Salad is what Food Eats

I find it slightly disturbing that when I go to feed the landlords’ hens with some of my surplus lettuce (I knew there was an answer) I can now more or less tell them apart.

They don’t have names, they’re not those kind of hens, although they are sometimes known collectively as ‘the girls’. But I can still discern some sort of differences between them based on their behaviour. There’s brighter-than-the-average chicken, who’s the only one of five to have figured out that it’s easier to eat bits off a leaf of lettuce if you put your foot on it first. There’s ordinary chicken who is just a chicken and has no distinguising behaviour at all. Then there’s bossy chicken, who only likes to eat what the other chickens are eating and spends all her time chasing after brighter-than-the-average and ordinary trying to dominate the food supply. She’s the one who comes clucking self-importantly up to you when you go to fetch the eggs. There’s also sick chicken who sits around looking sorry for herself in the dust bath, but who has apparently always looked like that without ever actually dying or even declining much. She can usually be tempted to peck listlessly at a juicy bit of lettuce until bossy comes over to pinch it off her. And finally there’s do-I-look-like-a-rabbit chicken who disdains lettuce – and indeed chickweed – and doesn’t like to be seen with the other hens. Instead she stands aloofly in the corner, rising above it all although she will make the effort if there are marinated slugs going.

I did take some pictures to try and illustrate all this, but it turned out to be just a load of photographs of identical-looking chickens. So you’ll just have to believe me when I say they all have distinct personalities of their own. Either that, or I really do have to get out more.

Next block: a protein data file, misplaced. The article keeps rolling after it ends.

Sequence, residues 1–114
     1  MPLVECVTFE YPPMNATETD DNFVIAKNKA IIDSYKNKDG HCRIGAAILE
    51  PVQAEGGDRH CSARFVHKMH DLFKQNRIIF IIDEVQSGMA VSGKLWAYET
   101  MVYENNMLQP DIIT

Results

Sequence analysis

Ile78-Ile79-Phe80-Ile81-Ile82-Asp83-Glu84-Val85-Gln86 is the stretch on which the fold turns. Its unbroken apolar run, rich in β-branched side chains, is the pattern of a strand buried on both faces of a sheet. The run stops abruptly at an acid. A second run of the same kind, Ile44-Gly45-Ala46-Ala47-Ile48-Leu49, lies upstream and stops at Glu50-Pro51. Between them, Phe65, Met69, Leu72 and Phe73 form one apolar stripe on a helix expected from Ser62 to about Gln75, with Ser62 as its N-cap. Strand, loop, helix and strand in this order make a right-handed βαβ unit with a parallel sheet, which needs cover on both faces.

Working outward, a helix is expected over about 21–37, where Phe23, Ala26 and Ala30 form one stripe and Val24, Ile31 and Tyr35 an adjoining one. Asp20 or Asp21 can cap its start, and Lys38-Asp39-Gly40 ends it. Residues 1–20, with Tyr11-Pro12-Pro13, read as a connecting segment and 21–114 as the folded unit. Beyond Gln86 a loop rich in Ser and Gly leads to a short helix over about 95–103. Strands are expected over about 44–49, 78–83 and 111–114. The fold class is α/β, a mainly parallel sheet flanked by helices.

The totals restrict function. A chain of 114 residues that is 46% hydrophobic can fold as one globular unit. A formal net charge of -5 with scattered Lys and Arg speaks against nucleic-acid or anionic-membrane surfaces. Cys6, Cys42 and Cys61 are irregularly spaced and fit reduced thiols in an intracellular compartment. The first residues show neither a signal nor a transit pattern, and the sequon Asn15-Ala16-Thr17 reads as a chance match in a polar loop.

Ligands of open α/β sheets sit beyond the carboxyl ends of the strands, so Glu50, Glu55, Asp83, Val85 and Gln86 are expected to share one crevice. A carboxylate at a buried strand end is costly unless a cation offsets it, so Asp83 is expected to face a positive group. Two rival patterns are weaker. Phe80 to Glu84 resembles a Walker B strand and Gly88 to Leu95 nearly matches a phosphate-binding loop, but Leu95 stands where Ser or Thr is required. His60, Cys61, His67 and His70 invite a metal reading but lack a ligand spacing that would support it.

Advertisements

11 Responses to Salad is what Food Eats

  1. Dom says:

    My fiancée is a zoo keeper and seems to be able to easily tell all the animals apart (they all look the same to me) and knows what their personalities are. To me they all look and act pretty much the same 🙂

  2. disgruntled says:

    It’s a bit more exciting when it’s zoo-keeping, rather than just boring old chickens though

  3. My girls are big on personality and habit, depending on the weather, time of day, you’ll know where they are and what they are likely to be up too

  4. Holly Bush says:

    I have a brighter (as in intelligent not most turqoise glow) neon tetra, who knows that the light going on means food is coming.
    Do u get rent off for feeding his poultry? of is it a mercy to be rid of your lettuce ?

  5. disgruntled says:

    We get the occasional egg, but mainly it’s just nice to see it going where it’s appreciated.

  6. Autolycus says:

    Just don’t let them see ‘Chicken Run’

  7. emma c says:

    Would you please elaborate on the marinated slugs? Do you use beer or milk? I didn’t realise chooks liked them.. am gearing up to get some myself 🙂

  8. disgruntled says:

    Autolycus – it’s probably too late, I’m sure they’re plotting to escape…
    Emma – I make slug beer (I’m not wasting the real stuff on them) – warm water, yeast, sugar and a little flour, just like starting off making dough) The slugs don’t seem to be that fussy as I’ve had 30 or 40 in one trap. Apparently not all chickens will go for slugs, but these ones come belting over if they see me with a jar in my hand.

  9. emma c says:

    ooh, how clever of you. Quite agree about not wasting good beer. I like your idea, cos Gardeners’ Q-time just recently recommended chatting up the barman at your local pub to get him to give you the beer tray slops. (You must also persuade him that you need it for the slugs – honest guv… ) The other snag is you might get drunken chickens.

  10. disgruntled says:

    I think the slug beer ends up pretty alcoholic although by the time the chickens get it it’s probably vinegar. It wasn’t my idea – all credit to t’internet, of course

  11. […] spirit but the brown ones (Black Rocks, if anyone’s interested) were a feisty bunch, with distinct personalities of their own. They’d always come racing over to investigate what delicious treat I was bringing to the […]

Leave a Reply

Fill in your details below or click an icon to log in:

WordPress.com Logo

You are commenting using your WordPress.com account. Log Out /  Change )

Google photo

You are commenting using your Google account. Log Out /  Change )

Twitter picture

You are commenting using your Twitter account. Log Out /  Change )

Facebook photo

You are commenting using your Facebook account. Log Out /  Change )

Connecting to %s

This site uses Akismet to reduce spam. Learn how your comment data is processed.

%d bloggers like this: